A nine game series went the full length. The deciding game was a three-hit
shutout by Jose Mendez of the Monarchs, final score K.C.,5; Philly,0.
Roscoe Robinson, Jr., the second Black Four-Star General in U.S. history, was born in St. Louis, MO on this date.
Billy Higgins was born on this date. He was an
African-American jazz drummer.
From Los Angeles,
he began his career drumming in rock and R&B bands with Bo Diddley and Amos
Milburn. His earliest jazz gigs were with Don Cherry, James Clay’s Jazz
Messiahs, and with Dexter Gordon. In the mid-‘50s, Higgins began rehearsing
with Ornette Coleman; his first recordings were with Coleman in ‘58, as well as
sessions with Red Mitchell.
In the following decades the short list of Higgins’ discography would include
material with Steve Lacy, Lee Morgan, Donald Byrd, Jackie McLean, Joe
Henderson, Mal Waldron and David Murray, as well as leading the Brass Company
with Bill Lee and Bill Hardman. He also worked as a member of the Timeless
All-Stars. A lifetime Los Angeles
resident, Higgins was mentor to the young musicians who formed the B Sharp
Quartet and Black Note. Higgins had a cameo in the movie ‘Round Midnight.
The combination of his loosely swinging tempos and controlled technique made
him popular with fellow musicians as diverse as Thelonious Monk and Pat
Metheny. Billy Higgins died in June 2001.
Hawkins records his famous “Body and Soul” in New York City.
NAACP organizes and incorporates the Education
and Legal Defense Fund. As a separate organization, it goes on to
win many important legal battles guaranteeing civil, legal, and educational
rights for Blacks. The Legal Defense Fund remains on of the most prominent
groups fighting for minority rights in America today.
Lester Bowie was born on this date. He was an African-American trumpeter,
flugelhornist, and percussionist.
A native of Frederick, Maryland,
Bowie was reared in Little
Rock, Arkansas and St. Louis and began
playing at age 5. He was leading a teen combo in St. Louis at the age of 16. He then went into
military service, returning to work with R&B groups and in support of his
wife Fontella Bass. Bowie worked in the backup
bands for R&B sessions for the Chess label and was instrumental in the
formation of the Black Artists Group in St. Louis
before moving to Chicago in 1966.
In Chicago, Bowie became involved with the AACM and worked with Roscoe
Mitchell, a grouping that with the addition of Joseph Jarman and Malachi Favors
became the Art Ensemble of Chicago, a groundbreaking group that continues to
this day (minus Jarman). While in Paris with the Art Ensemble in 1969-‘70,
Bowie recorded with an assortment of avant-garde players and made German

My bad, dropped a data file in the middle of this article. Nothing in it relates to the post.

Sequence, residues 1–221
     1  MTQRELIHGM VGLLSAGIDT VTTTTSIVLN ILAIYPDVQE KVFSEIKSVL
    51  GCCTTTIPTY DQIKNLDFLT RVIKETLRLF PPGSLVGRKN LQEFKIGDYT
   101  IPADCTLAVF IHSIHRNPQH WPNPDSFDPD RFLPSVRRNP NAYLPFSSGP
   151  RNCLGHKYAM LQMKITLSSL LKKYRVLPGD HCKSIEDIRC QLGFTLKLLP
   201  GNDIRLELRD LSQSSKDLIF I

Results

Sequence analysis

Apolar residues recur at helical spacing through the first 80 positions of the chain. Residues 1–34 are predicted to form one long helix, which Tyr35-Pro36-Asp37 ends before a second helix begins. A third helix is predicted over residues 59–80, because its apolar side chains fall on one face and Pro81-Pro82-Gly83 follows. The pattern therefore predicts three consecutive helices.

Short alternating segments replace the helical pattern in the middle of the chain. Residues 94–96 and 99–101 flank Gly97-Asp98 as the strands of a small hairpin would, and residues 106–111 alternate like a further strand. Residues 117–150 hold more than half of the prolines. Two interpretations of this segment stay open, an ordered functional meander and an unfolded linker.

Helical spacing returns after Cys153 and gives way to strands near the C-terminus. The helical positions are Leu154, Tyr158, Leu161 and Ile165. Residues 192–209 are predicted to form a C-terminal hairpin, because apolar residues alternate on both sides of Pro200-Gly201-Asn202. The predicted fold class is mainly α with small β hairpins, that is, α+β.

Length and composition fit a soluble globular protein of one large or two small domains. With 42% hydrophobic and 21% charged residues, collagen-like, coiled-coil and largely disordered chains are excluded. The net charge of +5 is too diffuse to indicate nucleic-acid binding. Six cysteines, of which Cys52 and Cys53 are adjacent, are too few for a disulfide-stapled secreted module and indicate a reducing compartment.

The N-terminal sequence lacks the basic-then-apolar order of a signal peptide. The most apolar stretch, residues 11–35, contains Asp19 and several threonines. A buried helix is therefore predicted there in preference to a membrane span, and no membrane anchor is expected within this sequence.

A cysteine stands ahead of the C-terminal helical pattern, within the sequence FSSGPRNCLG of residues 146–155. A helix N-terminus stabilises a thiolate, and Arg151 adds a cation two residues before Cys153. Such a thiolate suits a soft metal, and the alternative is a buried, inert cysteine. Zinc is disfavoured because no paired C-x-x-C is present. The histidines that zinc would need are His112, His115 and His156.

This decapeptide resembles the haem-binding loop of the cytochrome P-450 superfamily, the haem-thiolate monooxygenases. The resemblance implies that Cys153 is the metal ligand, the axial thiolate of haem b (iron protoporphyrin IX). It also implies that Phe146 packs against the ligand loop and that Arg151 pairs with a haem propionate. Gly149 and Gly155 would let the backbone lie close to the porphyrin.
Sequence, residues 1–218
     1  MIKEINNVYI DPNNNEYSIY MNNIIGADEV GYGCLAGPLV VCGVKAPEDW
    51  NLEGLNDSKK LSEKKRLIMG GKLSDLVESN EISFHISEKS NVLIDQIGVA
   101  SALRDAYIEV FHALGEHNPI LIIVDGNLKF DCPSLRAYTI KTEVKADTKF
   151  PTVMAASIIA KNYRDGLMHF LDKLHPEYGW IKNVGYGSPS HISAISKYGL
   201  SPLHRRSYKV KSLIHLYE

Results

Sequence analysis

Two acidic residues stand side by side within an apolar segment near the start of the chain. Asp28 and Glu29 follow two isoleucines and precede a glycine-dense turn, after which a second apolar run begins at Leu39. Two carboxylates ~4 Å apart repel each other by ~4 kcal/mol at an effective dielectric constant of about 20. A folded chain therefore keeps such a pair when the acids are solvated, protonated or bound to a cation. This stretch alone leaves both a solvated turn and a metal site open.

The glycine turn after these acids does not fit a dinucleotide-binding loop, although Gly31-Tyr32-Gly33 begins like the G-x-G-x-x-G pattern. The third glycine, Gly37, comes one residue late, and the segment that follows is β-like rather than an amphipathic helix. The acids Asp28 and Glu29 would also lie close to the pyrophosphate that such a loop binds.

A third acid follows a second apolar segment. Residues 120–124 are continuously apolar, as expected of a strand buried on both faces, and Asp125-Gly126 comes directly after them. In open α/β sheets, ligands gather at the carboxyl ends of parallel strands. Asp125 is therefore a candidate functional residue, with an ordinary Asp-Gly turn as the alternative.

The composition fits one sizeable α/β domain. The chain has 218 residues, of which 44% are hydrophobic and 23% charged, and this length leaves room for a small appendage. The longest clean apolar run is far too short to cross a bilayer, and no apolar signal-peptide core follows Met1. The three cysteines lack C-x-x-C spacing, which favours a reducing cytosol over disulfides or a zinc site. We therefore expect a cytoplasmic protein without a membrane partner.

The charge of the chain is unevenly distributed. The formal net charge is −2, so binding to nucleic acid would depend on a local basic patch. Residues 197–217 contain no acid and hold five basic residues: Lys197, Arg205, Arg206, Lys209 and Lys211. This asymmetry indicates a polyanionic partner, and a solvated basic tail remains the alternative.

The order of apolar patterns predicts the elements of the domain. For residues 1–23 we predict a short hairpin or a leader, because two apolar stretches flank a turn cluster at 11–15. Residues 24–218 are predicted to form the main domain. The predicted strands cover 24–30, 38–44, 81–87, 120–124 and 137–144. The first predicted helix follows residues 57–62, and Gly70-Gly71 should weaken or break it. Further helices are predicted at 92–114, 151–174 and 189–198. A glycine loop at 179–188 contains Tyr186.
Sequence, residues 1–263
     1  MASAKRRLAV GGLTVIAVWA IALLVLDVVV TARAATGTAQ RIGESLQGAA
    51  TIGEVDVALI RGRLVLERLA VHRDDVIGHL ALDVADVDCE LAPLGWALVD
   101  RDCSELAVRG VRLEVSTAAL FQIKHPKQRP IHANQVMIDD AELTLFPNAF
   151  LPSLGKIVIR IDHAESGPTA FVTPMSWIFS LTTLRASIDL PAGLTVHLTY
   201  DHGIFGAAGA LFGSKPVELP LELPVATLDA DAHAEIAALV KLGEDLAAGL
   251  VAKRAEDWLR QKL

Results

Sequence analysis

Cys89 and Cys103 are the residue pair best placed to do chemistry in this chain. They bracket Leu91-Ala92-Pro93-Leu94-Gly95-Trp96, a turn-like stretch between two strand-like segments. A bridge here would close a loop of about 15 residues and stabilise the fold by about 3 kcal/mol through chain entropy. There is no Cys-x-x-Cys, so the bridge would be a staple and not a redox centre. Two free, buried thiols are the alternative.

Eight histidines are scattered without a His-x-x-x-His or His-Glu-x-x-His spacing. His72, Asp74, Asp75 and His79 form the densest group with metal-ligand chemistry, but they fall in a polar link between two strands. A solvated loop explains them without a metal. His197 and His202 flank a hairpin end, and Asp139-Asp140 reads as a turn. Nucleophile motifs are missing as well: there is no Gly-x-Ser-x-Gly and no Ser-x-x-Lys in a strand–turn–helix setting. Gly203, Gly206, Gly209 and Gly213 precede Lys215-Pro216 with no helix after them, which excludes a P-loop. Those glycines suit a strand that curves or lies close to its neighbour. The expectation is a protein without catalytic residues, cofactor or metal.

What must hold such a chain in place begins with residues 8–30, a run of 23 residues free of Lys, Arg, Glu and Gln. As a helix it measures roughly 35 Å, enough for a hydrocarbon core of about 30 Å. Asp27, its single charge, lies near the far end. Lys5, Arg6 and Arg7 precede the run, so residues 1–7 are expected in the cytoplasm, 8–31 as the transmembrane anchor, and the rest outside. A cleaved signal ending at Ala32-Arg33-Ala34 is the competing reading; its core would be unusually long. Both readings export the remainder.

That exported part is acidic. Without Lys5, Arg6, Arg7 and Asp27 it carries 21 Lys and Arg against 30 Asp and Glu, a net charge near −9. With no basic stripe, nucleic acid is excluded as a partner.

recordings in the same period. In addition to his continuing role with the Art
worked with Jack DeJohnette’s New Directions and followed a varied career
through the ‘80s and ‘90s.
His bent notes, slurs, growls, half-valve effects, and showy, comedic flair
added a fun, light, bluesy quality to the Art Ensemble performances and
recordings. His best recordings outside the Art Ensemble include The Fifth
Power (Black Saint) and My Way (DIW). The pure joy of making music is found in
abundance in the sounds created by Lester Bowie. He died November 9, 1999.
A major prison uprising occurs at the DC Jail in Washington, DC.
United Nations Day of Solidarity with South Africa is declared
by the membership of the United Nations. A special day of solidarity is
observed with the numerous political prisoners who are being held in South Africa.
Thomas joins the ancestors after a heart attack in Los Angeles, California.
He was an actor, most notable as the third child to portray Buckwheat in the
Our Gang comedies, a role he played in some 80 episodes of the popular film
Reagan bans the importation of South African gold coins known as Krugerrands.
Red Foxx (John Elroy Sanford), famous for his
raunchy standup comedy and his role as Fred Sanford in the popular Friday night
NBC series Sanford & Son with Demond Wilson which ran for six seasons, died
on this date in Los Angeles, CA at the age of 68. He also several film
appearance, which included Cotton Comes to Harlem and Harlem Nights with Eddie
Murphy, Richard Pryor, and Arsenio Hall.
On this date, Anita Hill, a University
of Oklahoma law professor,
gave her senate testimony accusing Supreme Court nominee Clarence Thomas of sexual harassment. Too many, Hill’s claims or to
those opposed the Thomas nomination on other grounds, his appointment was a
Yet, the Hill-Thomas controversy had other long-term consequences beyond his
life-term on the Supreme Court. National awareness about sexual harassment in
the workplace heightened greatly. According to Equal Employment Opportunity
Commission filings in the five years that followed, sexual harassment cases
more than doubled, from 6,127 in 1991 to 15,342 in 1996. Over the same period,
awards to victims under federal laws nearly quadrupled, from $7.7 million to $27.8
U.S. troops in Haiti take over the National Palace.